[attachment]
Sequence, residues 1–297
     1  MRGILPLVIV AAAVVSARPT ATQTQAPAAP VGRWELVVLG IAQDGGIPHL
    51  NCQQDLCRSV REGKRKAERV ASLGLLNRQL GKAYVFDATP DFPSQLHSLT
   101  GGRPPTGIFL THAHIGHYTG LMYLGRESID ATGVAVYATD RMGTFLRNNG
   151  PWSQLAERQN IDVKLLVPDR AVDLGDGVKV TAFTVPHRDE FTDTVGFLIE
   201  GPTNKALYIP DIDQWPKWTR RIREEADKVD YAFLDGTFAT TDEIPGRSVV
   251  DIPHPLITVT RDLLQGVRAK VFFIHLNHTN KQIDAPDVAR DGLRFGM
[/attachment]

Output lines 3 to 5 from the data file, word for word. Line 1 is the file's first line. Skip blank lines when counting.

    51  NCQQDLCRSV REGKRKAERV ASLGLLNRQL GKAYVFDATP DFPSQLHSLT
   101  GGRPPTGIFL THAHIGHYTG LMYLGRESID ATGVAVYATD RMGTFLRNNG
   151  PWSQLAERQN IDVKLLVPDR AVDLGDGVKV TAFTVPHRDE FTDTVGFLIE